The three phase currents output by notch filter 52 are provided to the three to two phase transformer 42. As well known in the controls art, the third of the three phase currents (i.e., i_{uf}) can be determined using currents i_{vf }and i_{wf}. Therefore, transformer 42 first determines the third of the three phase feedback currents i_{uf }and then uses all of the three phase feedback currents and the electrical angle Θ_{e }provided by positionspeed determiner 46 to generate the d and qaxis feedback currents i_{df }and i_{qf}, respectively. As described above, the d and qaxis feed back currents i_{df }and i_{qf}, respectively, are provided to summers 12 and 14 and are subtracted from corresponding command current signals i_{q}* and i_{d}*.
Referring now to FIGS. 2 and 4, statorrotor resistance identifier 44 includes a plurality of multipliers 70, 72 and 84, two summers 92 and 96, a memory device 76, a cotangent module 74, a divider 82, a low pass filter 86, a 3to2 phase transformer 88, a low pass filter 90 and a current regulator 94. Referring also to FIG. 10, an exemplary flow chart illustrating one inventive method 220 performed by identifier 44 is illustrated. At block 222, several values are stored in memory 76 including a stator leakage inductance value L_{σs }an initial lag angle value φ_{do }and an initial rotor resistance value R_{ro}. Stator leakage inductance L_{σs }is typically a nameplate value but could be determined during a commissioning procedure if necessary. Similarly, initial rotor resistance value R_{ro }may also be a nameplate value or could be determined and stored during a commissioning procedure. The initial lag angle φ_{do }is determine during a commissioning procedure and, where rotor resistance R_{ro }is determined during commissioning, is preferable determined at the time when the initial rotor resistance value R_{ro }is determined. Angle φ_{do }can be determined by, after allowing system 10 to operate for a few minutes, storing an estimate φ′_{d }as the initial value φ_{do}.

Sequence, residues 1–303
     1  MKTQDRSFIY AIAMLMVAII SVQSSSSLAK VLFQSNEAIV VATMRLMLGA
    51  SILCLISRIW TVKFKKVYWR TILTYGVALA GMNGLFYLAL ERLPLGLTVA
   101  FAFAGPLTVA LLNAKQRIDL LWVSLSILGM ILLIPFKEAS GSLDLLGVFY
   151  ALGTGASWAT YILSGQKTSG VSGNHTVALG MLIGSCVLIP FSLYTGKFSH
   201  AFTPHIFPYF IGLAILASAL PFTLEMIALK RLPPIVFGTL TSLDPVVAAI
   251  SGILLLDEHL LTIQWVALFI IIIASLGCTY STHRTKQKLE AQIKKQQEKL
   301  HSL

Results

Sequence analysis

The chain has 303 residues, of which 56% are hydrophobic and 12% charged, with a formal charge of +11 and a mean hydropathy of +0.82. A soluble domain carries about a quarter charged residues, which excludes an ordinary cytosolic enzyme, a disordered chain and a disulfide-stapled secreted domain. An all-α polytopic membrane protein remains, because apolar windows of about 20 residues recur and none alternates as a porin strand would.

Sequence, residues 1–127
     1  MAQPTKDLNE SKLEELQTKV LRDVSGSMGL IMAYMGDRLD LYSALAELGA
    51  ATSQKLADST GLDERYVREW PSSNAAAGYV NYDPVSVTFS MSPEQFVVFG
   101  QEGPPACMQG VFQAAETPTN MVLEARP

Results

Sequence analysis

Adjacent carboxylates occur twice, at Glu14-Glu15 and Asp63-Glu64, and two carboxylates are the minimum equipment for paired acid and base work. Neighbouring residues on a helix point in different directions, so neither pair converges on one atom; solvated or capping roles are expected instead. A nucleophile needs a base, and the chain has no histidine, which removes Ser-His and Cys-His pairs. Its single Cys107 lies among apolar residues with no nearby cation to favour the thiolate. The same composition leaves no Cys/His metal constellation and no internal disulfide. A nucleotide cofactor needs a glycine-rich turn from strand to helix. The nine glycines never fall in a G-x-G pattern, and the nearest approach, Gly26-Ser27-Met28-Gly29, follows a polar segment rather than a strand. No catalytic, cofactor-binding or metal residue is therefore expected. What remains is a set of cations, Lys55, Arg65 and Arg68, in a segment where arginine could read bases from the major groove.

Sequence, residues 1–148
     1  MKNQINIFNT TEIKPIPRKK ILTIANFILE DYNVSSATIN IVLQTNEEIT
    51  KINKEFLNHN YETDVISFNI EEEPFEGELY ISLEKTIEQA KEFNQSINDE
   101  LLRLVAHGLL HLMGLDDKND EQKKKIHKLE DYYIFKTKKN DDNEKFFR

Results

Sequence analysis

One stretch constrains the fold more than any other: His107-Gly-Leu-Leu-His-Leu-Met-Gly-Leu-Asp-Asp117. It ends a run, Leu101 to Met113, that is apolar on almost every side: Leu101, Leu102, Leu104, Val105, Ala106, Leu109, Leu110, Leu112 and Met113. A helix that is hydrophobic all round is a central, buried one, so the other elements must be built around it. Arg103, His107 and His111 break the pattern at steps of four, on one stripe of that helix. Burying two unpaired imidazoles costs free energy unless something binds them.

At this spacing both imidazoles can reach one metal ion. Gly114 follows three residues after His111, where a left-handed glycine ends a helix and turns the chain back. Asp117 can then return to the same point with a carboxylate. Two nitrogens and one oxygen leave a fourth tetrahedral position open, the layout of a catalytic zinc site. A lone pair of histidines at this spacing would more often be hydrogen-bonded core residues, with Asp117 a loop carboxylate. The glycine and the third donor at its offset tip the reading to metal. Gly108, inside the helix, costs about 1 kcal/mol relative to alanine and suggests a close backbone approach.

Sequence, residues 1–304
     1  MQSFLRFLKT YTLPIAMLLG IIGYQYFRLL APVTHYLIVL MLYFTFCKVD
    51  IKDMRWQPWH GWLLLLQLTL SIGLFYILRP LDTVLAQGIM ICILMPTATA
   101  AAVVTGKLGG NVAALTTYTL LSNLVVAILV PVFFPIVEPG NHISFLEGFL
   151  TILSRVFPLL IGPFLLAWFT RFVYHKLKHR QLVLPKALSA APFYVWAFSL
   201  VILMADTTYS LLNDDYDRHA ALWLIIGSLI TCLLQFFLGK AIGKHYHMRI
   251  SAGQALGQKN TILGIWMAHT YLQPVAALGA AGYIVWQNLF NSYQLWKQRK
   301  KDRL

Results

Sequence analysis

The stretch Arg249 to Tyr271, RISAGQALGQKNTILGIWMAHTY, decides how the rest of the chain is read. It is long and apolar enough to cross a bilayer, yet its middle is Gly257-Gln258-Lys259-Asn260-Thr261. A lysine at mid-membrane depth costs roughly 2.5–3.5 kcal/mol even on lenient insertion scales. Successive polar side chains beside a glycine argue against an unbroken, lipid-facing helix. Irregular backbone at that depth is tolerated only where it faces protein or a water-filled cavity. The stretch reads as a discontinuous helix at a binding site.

The high frequency command angle θ_{h }is provided to summer 92. In addition, summer 92 receives the voltagecurrent lag angle estimate φ′_{d}. At block 226 summer 92 subtracts angle estimate φ′_{d }from the high frequency command angle θ_{h }to generate a high frequency current angle estimate φ′_{hi }(see also FIG. 3). High frequency current angle estimate φ′_{hi }is provided to 32 phase transformer 88 and is used thereby to convert three phase currents to two orthogonal phase d and q access currents. To this end, at block 228 transformer 88 also receives the two three phase high frequency feedback currents i_{vhf }and i_{whf}. The two high frequency feedback currents i_{vhf }and i_{whf }are used to determine the third high frequency feedback current i_{uhf }and then the three phase feedback currents i_{uhf}, i_{vhf }and i_{whf }are converted to d and q axis high frequency currents i_{dhi }and i_{qhi}, respectively at block 230.